Even if He doesn’t

Last week I received an update from a friend who is still chasing a dream to begin a charter school. She has worked incredibly hard over the past few years despite numerous setbacks and delays. Last I’d heard from her, one of the most difficult obstacles had finally been overcome. It was time. Everything was about to come together. Despite all our hopes however, it did not. So once again the page reads “one more year”. In the face of further delay, she has chosen to find work this year while continuing to lay the groundwork for the school to come.

Reading her letter, I found myself empathetic to her struggle but also encouraged by her determination and perseverance. She continues to hope for both the future and the present, and she is still chasing her dream. I wanted to thank her for that gift, so I replied. I hoped to encourage her as she encouraged me and offer prayer and hope for God to provide the exact type of position she sought. It was here that these four words crept into my mind, “even if He doesn’t”. I deleted them almost immediately. Those words startled me, but as I thought them through I began to understand their importance. There are simply no guarantees. We can trust that God will be with us. We can trust that He will meet our needs. Outside of that, we just don’t know. Even this school that she’s worked so hard to begin might not come to be. That thought is heartbreaking, but the possibility exists. And if that happens, what of all the effort? What of the blood, sweat and tears invested toward the dream? Does it have any value?

The answer is yes. It does.

I am reminded of the opening scene in Pixar’s UP. Two young adventurers find love and a common dream. A dream they spend their life chasing together. But time after time life gets in the way of their dream until time runs out and his wife passes away. She never reaches their destination. She never sees their dream realized. It’s heartbreaking, but as we watch their life unfold I don’t think any of us would say those years were without meaning or value. Sadly, in the face of things like that in my own life, that’s exactly what I’m sometimes tempted to believe. It’s as if the only value is found in reaching the destination.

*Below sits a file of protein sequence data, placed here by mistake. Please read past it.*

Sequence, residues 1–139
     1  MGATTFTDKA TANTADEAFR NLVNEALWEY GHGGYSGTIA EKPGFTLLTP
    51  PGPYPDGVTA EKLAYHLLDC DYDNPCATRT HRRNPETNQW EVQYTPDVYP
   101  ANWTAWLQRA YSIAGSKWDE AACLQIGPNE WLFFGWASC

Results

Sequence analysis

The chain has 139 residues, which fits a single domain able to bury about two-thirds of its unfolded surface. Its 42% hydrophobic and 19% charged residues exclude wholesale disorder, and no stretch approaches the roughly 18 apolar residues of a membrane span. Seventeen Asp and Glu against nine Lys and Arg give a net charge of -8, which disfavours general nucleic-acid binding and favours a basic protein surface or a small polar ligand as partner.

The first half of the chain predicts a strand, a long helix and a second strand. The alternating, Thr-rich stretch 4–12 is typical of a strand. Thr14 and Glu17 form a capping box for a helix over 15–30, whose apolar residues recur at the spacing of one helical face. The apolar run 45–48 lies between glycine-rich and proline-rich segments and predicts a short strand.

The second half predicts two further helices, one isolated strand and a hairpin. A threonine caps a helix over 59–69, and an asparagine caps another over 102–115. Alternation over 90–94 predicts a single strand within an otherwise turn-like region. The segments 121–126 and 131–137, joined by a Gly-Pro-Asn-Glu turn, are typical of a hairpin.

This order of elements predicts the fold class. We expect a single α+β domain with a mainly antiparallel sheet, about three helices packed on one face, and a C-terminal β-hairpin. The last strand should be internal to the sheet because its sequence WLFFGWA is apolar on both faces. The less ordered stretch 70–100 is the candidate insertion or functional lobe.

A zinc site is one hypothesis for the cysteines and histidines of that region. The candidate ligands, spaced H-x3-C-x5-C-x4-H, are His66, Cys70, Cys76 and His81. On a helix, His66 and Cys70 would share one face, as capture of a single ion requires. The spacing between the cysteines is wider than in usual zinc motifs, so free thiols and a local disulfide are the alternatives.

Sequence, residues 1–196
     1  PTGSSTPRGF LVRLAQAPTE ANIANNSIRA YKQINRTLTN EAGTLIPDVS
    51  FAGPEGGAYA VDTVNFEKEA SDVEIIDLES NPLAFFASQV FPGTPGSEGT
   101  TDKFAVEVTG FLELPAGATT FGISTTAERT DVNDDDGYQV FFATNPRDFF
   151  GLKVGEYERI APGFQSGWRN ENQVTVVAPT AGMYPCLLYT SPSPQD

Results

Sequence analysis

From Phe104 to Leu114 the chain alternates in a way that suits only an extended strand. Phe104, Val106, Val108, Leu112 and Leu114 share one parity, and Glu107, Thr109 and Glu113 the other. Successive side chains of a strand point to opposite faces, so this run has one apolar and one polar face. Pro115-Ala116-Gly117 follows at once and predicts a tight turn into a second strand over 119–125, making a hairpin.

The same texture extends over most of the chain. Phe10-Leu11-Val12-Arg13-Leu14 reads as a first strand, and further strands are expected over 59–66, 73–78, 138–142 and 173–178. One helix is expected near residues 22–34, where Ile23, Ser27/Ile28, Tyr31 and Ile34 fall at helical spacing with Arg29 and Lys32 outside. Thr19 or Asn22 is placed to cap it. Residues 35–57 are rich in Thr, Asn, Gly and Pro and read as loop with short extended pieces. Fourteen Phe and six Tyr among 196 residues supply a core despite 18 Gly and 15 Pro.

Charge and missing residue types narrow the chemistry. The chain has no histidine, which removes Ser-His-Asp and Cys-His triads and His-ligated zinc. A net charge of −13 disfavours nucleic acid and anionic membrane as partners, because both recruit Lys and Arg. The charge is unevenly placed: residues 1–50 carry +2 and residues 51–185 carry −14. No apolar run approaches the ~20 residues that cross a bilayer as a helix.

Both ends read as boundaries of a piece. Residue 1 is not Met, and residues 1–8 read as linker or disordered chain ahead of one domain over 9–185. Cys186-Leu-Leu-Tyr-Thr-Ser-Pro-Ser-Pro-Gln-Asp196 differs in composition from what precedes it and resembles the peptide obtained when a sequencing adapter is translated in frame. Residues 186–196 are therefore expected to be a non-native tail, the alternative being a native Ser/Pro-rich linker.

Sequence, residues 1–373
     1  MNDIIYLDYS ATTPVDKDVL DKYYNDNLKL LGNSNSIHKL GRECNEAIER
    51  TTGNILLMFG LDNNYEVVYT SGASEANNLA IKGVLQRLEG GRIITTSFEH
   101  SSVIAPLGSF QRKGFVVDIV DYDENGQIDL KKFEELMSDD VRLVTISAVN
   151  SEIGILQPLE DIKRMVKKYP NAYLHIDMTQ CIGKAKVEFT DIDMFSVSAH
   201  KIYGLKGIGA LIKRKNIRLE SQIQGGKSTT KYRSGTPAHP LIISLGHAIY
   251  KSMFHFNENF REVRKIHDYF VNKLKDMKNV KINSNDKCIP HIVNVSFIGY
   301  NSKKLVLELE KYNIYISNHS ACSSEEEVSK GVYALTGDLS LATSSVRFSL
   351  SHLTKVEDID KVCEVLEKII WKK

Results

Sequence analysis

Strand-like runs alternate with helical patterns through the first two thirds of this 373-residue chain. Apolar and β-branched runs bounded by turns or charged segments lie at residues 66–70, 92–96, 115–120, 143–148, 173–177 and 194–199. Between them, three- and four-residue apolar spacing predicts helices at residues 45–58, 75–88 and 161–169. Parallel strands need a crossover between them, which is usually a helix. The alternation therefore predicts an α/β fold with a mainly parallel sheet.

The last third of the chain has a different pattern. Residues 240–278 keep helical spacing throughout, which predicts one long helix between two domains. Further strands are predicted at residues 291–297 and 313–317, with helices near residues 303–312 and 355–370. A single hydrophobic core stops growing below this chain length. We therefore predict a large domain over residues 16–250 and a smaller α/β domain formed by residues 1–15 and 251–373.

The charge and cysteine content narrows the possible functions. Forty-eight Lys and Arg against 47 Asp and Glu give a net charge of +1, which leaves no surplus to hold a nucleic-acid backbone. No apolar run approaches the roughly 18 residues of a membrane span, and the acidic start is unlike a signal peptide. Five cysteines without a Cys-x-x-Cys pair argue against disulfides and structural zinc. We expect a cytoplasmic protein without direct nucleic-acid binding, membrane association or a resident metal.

Slowly the lesson is hitting home. Life is a journey, and life with God is a journey with God. Every day and every decision matters not because of where it takes us, but for all that is being created in us. We grow. We grow as individuals. We grow in our relationship with others. We grow in our relationship with God. All the while, our life bears testimony to all those around us looking in. Even if they don’t see us living our dream in the wilds of South America, they see our determination. They see our perseverance. They see our heartbreak, our struggles and our tears, but they also see our joy, our successes and our hope. And much as we watch the story of Carl Fredricksen and his wife in UP, they watch our story, and as they cry with us, rejoice with us, and hope with us, we all grow closer to one another and to God.

So where there are dreams I will trust that “even if He doesn’t…”, I will find blessing and hope in living and knowing Him. Of course, that doesn’t mean I don’t hope that He does!




One thought on “Even if He doesn’t

  1. Wise words. As much as I miss my brother, losing him when he was only 17 (I had just turned 20) shifted my focus from simply achieving goals to remembering to live in the now as well. I learned how to embrace happiness/contentment as a state of being rather than as a destination. Our elaborate plans can go poof in an instant. That doesn’t mean we give up, or not try at all, but rather enjoy and learn from the journey.
    So, no matter what I do or do not achieve, I aim to live a life that impacts others in a positive manner, as that is a daily thing. Parenthood is one of those things that if you focus too hard on the end goal, you miss the now, even when the now is frustrating or painful.

    Awhile back my sis posted a FB thing where people interviewed their kids, asking questions like, “what do you do together?” Or “how is your mom/dad a positive influence?”
    For the latter question, my daughter said something along these lines “She’s a good example. Like, she tries to be healthy, reads books, she’s a scientist, she stops to help animals when she can, or if she has money she gives it to homeless people.”
    In that one moment I saw myself reflected in my daughter’s eyes and whether I fail at writing or never discover a single significant thing in science, it doesn’t matter. I am loved and she respects me and sees the lessons I try to teach. Especially now, as we sometimes go head to head and it takes every ounce of my patience to calmly deal with over emotional teens, little moments like that remind me of the importance of the journey.

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